Gottleib Struckman had to get the hell out of Northern Germany for political reasons as did others of his republican party, about 1850.  There was a lot of violence there.  

Berit and her husband Einar eventually settled in Nerstrand, Minnesota to farm.  Their son Torsten, my great grandfather, built a stone house there that still stands.  He married Ingabor Hougen.

The Bonde stone house in Nerstrand, Minnesota. Carl is 2nd from the left, in boots.

My grandfather, Carl, was a younger one of a dozen or so of their kids.   Carl moved to Montana to seek a living as a grocer in Buffalo, Montana, then Kalispell.  Carl Bonde and Ellen Wichstrom had my mother, Helen, in 1912.

Gottlieb settled in Hanover, Illinois and he farmed 160 acres.   His son, my great grandfather, George, was also a farmer.  A republican, he served as Justice of the Peace, and as village president of Bartlett, Illinois.   He was an American Civil War veteran for the Missouri Union Army being chosen first sergeant, then getting promoted to lieutenant.  He married Christina Busche.

My grandfather, Emil, was one of their five children who moved to Montana to homestead.  He was no good at farming, so he taught school in Big Timber, Valier, and Malta, Montana.  Emil Struckman and Agnes Powers had my father Robert.

My parents met in Missoula in 1931 at the university.  That’s one of the things college is good.  Young men and women mate with each other and learn the skills to keep house and work at jobs that pay the bills.

My intent to write the history of the universe could have started in the primordial swamps of Africa, or perhaps among the non-living molecules of the cosmos.  

After all, all living things are composed of non-living molecules.

Africa may have been linked up with Australia and the Americas in those earliest times: Pangea.

In the beginning I entered a world that was already very old, and I was young.  The world seemed to be dozens of years old.

Most of the action had happened, the mess had been cleaned up, swept and mopped, and only a few broken toys and roller skates were available to me.  Leather straps to some sort of contraption one could wear on his shoe to make it look like a “cowboy boot.”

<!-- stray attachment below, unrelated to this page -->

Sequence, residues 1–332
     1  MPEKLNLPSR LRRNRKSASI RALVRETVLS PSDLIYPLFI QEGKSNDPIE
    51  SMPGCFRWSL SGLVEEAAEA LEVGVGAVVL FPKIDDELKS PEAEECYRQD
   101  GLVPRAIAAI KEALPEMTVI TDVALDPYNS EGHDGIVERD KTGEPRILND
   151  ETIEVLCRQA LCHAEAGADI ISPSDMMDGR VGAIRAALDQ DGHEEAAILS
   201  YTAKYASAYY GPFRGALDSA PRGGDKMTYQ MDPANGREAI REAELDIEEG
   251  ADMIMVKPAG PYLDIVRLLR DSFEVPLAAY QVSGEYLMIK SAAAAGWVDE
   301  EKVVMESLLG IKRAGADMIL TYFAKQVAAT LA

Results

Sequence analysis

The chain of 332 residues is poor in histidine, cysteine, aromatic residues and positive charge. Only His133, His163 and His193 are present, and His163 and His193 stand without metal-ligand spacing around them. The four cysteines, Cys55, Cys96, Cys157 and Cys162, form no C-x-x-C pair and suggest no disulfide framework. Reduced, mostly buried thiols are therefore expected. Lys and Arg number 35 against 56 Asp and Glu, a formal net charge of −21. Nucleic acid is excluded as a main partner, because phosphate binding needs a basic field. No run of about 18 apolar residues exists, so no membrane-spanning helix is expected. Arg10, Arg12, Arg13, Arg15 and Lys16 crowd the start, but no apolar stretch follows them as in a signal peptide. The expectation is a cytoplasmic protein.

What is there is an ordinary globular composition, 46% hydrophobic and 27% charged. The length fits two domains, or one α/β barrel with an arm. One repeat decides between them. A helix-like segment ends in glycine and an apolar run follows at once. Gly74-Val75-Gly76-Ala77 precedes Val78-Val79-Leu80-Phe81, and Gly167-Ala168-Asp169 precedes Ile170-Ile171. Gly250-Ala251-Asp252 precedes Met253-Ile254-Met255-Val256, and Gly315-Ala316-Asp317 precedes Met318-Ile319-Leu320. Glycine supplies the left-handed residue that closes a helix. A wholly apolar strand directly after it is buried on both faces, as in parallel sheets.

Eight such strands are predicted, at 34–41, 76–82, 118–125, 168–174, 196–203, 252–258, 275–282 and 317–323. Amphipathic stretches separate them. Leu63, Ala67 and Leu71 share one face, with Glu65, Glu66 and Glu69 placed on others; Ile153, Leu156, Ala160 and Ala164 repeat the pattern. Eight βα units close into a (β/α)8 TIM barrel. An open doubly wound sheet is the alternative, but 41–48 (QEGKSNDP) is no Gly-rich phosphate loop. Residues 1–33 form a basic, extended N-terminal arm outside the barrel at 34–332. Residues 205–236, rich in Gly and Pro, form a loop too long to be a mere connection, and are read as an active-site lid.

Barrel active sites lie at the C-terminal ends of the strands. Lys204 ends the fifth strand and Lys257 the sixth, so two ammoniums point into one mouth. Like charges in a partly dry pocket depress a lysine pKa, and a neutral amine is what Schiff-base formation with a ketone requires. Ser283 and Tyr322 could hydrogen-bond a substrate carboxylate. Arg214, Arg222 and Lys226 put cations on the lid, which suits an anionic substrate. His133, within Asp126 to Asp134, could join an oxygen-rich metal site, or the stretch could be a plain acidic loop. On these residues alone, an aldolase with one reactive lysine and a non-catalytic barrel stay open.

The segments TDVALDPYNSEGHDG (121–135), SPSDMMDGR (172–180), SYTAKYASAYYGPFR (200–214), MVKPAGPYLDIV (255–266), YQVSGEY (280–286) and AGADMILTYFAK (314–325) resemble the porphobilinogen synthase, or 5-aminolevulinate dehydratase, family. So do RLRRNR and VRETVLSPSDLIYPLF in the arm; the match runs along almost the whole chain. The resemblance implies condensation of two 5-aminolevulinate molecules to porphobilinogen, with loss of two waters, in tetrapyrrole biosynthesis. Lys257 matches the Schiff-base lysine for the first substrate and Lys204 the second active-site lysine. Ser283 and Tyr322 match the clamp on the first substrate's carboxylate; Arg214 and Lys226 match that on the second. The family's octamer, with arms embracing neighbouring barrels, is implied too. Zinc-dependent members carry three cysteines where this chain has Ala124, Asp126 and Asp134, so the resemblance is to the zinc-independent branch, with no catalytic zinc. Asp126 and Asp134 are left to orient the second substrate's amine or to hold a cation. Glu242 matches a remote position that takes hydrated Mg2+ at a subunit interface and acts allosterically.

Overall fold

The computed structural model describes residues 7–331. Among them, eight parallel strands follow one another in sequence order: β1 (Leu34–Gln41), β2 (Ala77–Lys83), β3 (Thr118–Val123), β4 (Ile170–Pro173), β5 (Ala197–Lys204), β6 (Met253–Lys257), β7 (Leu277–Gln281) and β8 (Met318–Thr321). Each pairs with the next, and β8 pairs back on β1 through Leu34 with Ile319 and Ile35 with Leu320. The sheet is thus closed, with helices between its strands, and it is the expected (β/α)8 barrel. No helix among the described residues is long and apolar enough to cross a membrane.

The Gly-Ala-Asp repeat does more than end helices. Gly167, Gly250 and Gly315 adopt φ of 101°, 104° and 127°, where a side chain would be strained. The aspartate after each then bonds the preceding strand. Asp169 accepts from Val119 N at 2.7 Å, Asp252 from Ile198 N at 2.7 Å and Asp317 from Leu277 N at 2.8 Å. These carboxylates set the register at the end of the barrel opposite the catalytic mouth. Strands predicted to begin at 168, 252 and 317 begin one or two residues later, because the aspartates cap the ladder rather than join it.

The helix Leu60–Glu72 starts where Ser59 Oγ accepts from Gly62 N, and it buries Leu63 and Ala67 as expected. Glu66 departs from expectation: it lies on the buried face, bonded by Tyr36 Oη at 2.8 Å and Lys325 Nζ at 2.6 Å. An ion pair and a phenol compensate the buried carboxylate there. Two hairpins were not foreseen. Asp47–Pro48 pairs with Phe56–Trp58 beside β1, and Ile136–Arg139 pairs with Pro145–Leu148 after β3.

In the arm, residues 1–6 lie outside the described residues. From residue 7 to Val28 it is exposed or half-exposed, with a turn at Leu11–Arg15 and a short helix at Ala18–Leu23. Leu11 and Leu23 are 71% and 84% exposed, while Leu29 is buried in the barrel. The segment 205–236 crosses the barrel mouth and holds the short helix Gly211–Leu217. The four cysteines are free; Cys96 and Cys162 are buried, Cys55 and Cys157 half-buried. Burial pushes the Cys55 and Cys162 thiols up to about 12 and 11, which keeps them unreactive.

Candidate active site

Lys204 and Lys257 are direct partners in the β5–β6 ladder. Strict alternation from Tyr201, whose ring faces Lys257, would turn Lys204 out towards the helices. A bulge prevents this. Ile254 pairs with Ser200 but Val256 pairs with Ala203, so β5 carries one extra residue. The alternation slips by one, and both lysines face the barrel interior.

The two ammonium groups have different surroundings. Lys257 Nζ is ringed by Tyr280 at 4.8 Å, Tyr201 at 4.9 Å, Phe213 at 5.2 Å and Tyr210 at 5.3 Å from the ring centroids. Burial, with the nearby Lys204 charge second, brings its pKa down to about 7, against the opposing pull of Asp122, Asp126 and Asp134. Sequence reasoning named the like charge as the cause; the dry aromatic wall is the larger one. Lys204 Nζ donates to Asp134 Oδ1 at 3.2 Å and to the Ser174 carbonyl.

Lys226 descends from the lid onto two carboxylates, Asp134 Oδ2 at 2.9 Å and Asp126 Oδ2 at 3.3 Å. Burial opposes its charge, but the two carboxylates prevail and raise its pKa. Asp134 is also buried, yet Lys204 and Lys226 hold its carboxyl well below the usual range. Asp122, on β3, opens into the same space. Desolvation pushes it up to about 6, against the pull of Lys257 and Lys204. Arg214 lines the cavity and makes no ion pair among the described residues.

I asked my mother where I came from.  She sat me next to her with her photograph album.  I remember seeing an image of a young woman holding a baby.  Black and white, Spring of 1949.  That was me.  The woman in the photograph looks lovingly at her baby.  Mother smoked her adult life, dying of cancer in 1976.

In the beginning was the Word.  Or so the Bible would have us think.  Mother gave me a Bible and I couldn’t get into it, although I tried to read through the book of Genesis.  The stories didn’t track the way other stories did.  I tried to be very religious when I was in the second grade, walking down the alley to the Bickle house to ride with them to the Episcopal church for Sunday school.  I made a few attempts, but gave up.  For one thing, my mother gave me a dime for the offering.  Later I found a nickel in the alley.  The next week I told the Sunday school teacher I forgot my dime.  Then I showed the dime to my mother.  Somehow she guessed I didn’t find it in the alley the way I had found the nickel.

In the beginning, God sat on his throne, thinking.  [Thanks, Mark Twain.]

In the beginning.  Men knew their mothers only, not their fathers.  [Thanks, I Ching.]  The world is as new as ever!  I’m almost 73 and don’t know the plan much better than I ever did.  

I wish I could make some sense of the world; I’d share with my grandchildren.  Many generations of creatures have gone extinct on our planet.  Giant dinosaurs, huge forests of ferns and trees, trilobites, clams, snails. Ammonites.  Fish and giant birds.  Like Mark Twain said, giant fish.  And coal to fry them on.